THE MAYFAIR NEWCASTLE 18/11/1977
IT FELT bad to be in Newcastle, bad to be alive. A Scottish Polydor rep who is not unused to a little nastiness raged: "Glasgow like the Ritz compared to this I tell you. Animals!". And there around the balcony behind he stage was the trellissed cage installed presumably to avoid a repeat of the Jam's last visit to the Mayfair, when, I gather, 'fans' lobbed a table down at the band. Even so one member of the very capable support band New Hearts had his forehead split by a plastic beer mug.
But the worst was out on the street. A group of journalists, Polydor and Jam people arrived at the front entrance after the 'House Full' notice was put up and were harrassed by police and chased by their dogs.
Meanswhile, out in the Haymarket as I was walking to the gig I saw 8 coppers roughing up a teenage boy and girl and slinging them in the paddy wagon. I tried to give the kids my name as a witness and a sergeant, defending law and order, justice etc, told me to "bugger off". The air was like vomit.
I know. It's not about the music. But it is relevant. Like it was relevant to the people who Judge Jeffries hanged that he had chronic indigestion. The atmosphere could have had a lot to do with me not being bowled over by a band who the mettlesome Chas de Whalley rates as the bees' knees. It needed something inspiring. What we got was earnest, energetic, highly competent, but not quite in the lift-up-your-heart category, for me. OK, the crowd loved it, pogoed wildly, and proved that the Mayfair heavy metal sanctuary has been converted to welcoming New Wave. The Jam certainly didn't let them down.
But what were they putting out? Speed. The intensity of a ferociously workmanlike rhythm section, vocal harmonies hit with the exact precision. All admirable qualities. That was it though. Their tunes/riffs are undistinguished (which fact is mercilessly exposed by their choice of the ancient 'Slow Down' as a final encore). Their arrangements lack shape and dynamics to such an extent that the tiny harmonic twist in the hookline of their hit, 'All Around The World' comes across as a really radical departure. The trio does get some rhythm patterns surging, particularly in 'Here Come The Weekend', but their sound cried out for a lead guitar as a focal point to command space and clear thinking.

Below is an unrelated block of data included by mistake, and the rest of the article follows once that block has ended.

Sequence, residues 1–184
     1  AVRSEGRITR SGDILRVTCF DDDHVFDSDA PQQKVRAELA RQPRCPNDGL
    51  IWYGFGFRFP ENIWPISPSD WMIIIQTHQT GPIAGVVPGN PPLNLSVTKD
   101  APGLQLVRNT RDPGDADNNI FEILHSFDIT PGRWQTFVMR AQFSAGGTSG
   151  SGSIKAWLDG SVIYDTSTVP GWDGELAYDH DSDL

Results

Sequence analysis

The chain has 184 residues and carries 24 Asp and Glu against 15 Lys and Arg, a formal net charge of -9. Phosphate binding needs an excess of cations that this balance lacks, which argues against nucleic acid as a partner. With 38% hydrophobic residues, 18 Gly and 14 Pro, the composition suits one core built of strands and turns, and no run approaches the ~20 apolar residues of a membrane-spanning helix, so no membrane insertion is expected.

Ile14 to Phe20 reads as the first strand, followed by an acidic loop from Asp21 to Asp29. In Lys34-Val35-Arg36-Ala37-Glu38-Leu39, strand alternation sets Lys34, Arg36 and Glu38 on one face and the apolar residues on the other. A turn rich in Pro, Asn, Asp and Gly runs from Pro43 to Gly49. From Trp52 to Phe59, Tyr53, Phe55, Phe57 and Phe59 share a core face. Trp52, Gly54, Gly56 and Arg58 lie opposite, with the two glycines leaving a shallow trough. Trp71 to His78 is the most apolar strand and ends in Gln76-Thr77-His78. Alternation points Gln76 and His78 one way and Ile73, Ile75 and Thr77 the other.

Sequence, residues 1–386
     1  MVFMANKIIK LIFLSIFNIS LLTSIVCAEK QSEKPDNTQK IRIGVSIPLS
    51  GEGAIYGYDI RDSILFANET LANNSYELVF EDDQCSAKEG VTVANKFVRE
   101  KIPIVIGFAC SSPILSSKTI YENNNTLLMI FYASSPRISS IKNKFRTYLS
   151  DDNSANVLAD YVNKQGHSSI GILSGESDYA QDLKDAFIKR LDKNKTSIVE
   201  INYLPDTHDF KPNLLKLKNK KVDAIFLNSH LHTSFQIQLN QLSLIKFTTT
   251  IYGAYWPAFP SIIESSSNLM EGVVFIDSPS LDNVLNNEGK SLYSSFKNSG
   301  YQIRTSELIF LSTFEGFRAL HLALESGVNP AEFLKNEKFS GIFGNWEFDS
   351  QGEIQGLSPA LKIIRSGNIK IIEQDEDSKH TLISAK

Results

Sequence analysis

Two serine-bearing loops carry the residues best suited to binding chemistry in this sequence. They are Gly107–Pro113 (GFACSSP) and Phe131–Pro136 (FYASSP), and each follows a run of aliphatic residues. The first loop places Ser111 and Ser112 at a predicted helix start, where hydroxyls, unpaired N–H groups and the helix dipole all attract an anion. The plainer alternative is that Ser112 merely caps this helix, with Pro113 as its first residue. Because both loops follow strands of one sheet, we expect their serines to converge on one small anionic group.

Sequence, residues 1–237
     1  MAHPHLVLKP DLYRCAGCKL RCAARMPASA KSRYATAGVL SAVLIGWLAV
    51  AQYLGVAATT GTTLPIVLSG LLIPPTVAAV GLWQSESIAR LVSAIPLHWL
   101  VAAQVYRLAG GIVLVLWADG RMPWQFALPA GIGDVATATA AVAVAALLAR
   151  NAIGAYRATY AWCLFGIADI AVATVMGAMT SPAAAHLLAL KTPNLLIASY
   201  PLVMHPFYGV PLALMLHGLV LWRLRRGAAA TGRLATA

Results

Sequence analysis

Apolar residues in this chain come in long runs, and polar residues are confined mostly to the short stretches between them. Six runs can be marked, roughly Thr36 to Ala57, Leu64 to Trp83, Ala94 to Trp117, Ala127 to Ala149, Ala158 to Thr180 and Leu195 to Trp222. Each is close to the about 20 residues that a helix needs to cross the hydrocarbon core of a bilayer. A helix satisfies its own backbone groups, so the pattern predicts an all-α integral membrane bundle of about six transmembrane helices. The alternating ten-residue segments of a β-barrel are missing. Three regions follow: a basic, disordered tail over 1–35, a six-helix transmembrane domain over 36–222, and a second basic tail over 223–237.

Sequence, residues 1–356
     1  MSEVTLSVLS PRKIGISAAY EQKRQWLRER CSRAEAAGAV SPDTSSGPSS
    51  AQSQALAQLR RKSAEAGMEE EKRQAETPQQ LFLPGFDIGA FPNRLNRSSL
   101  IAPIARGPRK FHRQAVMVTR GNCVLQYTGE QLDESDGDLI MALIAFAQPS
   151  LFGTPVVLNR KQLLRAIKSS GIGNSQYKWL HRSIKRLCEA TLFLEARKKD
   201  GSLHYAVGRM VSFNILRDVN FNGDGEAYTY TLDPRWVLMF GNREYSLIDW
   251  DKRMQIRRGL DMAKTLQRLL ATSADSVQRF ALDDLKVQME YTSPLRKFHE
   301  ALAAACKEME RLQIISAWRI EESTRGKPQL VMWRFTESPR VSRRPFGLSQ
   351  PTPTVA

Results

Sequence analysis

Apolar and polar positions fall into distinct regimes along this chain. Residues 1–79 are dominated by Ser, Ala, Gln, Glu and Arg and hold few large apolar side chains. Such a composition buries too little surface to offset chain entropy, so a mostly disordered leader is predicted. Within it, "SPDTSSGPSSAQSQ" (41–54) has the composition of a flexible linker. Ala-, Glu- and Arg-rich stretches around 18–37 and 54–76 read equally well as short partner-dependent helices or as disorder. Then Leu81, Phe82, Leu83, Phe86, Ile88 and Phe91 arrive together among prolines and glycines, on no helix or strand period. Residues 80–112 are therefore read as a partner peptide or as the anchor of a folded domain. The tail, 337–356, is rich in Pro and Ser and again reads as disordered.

This isn't to deny their skill and potential. But I feel the 60s schtick is a blind alley for them. The more punk and the less pop they get the more I like it.
The finest moment in their set is the opening of 'The Modern World', all sullen defiance, aggression and contempt (and a thumping riff which they discard for the rest of the song). If Weller, and Foxton want their words to get across that's the kind of patchy clarity they have to develop as I'm sure they care about reaching people's brains too because Paul took the trouble to talk to the audience at some length between numbers quoting lyrics and emphasising that there were ideas behind the speed: "This is about systems. The combine – not as in harvesters"; "It's all so sickening and we're so satisfied"; "This is about the Housing Department in this country, redevelopment, undevelopment".
The Jam do have it to say. And yet there was something strangely impersonal about their approach to playing, with their uniform suits and deadpan faces. That could even be why fans enjoying the gig felt free to throw glasses. It was as if they weren't aware of the band as flesh and blood who could be seriously hurt. More like a rock'n'roll Aunt Sally, where part of the fun you pay for is to do damage.
Whether that theorette is right or wrong I'd like to see the spunk, aggro and character they put into the raps carrying on into the music. Unless this is all rubbish and I'm just pissed off.
Phil Sutcliffe, Sounds, 26 November 1977